There is no question that as a Jewish community we must acknowledge that mental illness a real and significant challenge that must be addressed, and not swept under the rug. Like many challenges in the general community (gambling addiction, alcoholism, domestic violence) mental illness is a part of the Jewish community as well. We cannot pretend it isn’t there but we must find ways to help those that are affected. We must consider the affects of mental illness not only on the individual but on their family and we must program and care for people who live with this challenge. This is an extremely Jewish thing to do, for as Rabbi Sari Laufer writes, in an introduction to a curriculum entitled “Caring for the Soul: A Mental health Resource and Study Guide” produced by the UAHC in 2003, “we ask not only for a refuat ha-guf, healing of the body, but also for a refuat ha-nefesh, a healing of the spirit. For the rabbis, just as for us today, the mind and the body were inextricably inked; in order to achieve wholeness, both must be healthy.”
That being said, helping someone doesn’t mean hiding it and therefore, we have a responsibility to be aware of it, to advocate for help for people, and of course, to take preventative measures if there is a clear and present danger to someone’s health and safety, which could include calling a responsible caregiver, a rabbi, Jewish Family service, and yes, even the police. I understand your concern that asking for help could turn into lashon hara, however, if one is able to use discretion and sensitivity, and speak to the appropriate people, I believe that all involved could handle it well.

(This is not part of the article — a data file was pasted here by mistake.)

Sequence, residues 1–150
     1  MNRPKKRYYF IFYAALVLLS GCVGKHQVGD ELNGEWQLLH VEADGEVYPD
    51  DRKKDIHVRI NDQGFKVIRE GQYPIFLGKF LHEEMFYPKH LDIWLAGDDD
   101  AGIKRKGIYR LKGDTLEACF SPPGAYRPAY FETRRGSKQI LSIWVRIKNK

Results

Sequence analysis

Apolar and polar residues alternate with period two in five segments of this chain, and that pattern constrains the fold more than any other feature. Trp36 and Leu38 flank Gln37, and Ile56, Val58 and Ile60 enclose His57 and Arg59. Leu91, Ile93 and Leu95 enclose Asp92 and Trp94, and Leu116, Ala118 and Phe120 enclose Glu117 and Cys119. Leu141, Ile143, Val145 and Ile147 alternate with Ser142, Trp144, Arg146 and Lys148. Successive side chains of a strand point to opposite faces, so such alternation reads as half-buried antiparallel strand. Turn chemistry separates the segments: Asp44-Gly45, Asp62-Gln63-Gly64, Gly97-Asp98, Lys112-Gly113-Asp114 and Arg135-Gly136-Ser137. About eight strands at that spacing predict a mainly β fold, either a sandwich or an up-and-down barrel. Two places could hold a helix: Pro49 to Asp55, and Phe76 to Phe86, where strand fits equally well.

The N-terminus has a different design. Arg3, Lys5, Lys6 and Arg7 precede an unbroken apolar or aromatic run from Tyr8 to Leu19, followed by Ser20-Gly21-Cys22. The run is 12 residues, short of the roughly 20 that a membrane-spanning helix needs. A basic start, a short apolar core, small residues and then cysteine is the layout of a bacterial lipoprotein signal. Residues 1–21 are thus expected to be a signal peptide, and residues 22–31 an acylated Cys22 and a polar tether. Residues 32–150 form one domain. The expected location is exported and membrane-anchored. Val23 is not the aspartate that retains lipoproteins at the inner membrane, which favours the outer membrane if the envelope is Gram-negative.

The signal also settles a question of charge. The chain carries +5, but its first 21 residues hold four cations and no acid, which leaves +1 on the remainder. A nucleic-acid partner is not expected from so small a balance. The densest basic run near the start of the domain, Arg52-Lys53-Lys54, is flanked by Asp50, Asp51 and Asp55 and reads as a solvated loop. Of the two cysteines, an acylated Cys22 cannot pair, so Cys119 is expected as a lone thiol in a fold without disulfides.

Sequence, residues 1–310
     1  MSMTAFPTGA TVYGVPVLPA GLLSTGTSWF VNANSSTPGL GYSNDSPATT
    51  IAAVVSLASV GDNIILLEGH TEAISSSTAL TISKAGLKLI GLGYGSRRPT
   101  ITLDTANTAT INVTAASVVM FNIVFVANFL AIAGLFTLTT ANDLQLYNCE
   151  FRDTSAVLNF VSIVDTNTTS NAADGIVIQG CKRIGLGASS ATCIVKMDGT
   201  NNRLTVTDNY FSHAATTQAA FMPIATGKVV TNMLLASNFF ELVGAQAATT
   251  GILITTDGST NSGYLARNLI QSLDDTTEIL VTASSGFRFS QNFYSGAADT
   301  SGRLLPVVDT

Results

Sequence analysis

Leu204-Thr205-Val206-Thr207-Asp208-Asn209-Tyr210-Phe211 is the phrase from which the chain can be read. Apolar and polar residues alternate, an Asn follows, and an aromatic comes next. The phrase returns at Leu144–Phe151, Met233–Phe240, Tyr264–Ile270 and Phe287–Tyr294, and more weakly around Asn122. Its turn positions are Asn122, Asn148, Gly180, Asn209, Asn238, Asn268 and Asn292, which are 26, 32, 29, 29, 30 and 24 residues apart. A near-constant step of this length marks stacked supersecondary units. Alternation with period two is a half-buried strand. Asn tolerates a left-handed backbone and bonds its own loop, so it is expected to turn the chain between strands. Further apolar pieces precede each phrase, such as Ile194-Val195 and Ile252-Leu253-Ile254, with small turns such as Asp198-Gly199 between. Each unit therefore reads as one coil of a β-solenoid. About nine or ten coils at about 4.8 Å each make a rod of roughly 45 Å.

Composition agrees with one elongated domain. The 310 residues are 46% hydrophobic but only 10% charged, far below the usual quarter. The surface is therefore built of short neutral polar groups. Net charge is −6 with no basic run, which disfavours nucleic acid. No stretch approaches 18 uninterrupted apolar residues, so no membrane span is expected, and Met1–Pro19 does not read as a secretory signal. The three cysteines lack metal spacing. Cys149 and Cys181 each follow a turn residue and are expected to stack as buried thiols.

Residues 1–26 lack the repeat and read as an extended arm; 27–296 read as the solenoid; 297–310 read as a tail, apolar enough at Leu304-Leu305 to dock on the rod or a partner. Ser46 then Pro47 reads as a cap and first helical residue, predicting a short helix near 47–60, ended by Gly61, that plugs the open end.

It seems that often, in the Jewish community, mental illness is hushed up and not spoken about. Do we have an obligation to report to social services (or elsewhere) a member of our community that we feel needs professional psychiatric help? What is the best course of action to report a member of the Jewish community that seem to be mentally unstable? Should we report this to our community Rabbi, Jewish Family Services, public social services, the police? Where is the line between hurting someone with Lashon hara and helping to prevent tragedies?
In the wake of the shooting of Congresswoman Gabby Giffords, there was much discussion in the press about whether the tragedy could have/should have been prevented if Jared Loughner had been forced to seek mental health treatment or even been forcibly committed. The fact is, while there are legal mandatory reporting requirements for suspected child abuse, there are no such requirements for suspected mental illness. After the shooting, Jeffrey Geller, director of Public Sector Psychiatry at the University of Massachusetts Medical School, and Sally Satel, a psychiatrist and resident scholar at the American Enterprise Institute made such a proposal in an article printed in USAToday (http://www.usatoday.com/news/opinion/forum/2011-01-18-satel17_ST_N.htm). However, even in such proposals, the presumption is that the mandated reporters would be health care workers, not the general public.
There is nothing in Judaism that would require someone to report on suspected mental illness in another member of the community. In my opinion, unless you are reporting to the police that you were victimized by this person and suspect mental illness to be the cause, there are few other circumstances under which ‘reporting’ on this person would not be lashon ha-ra. Even among mental health professionals, there is a great reluctance to presume to diagnose mental illness in someone they have not formally examined. For a non-professional to do so would be ill-advised to say the least.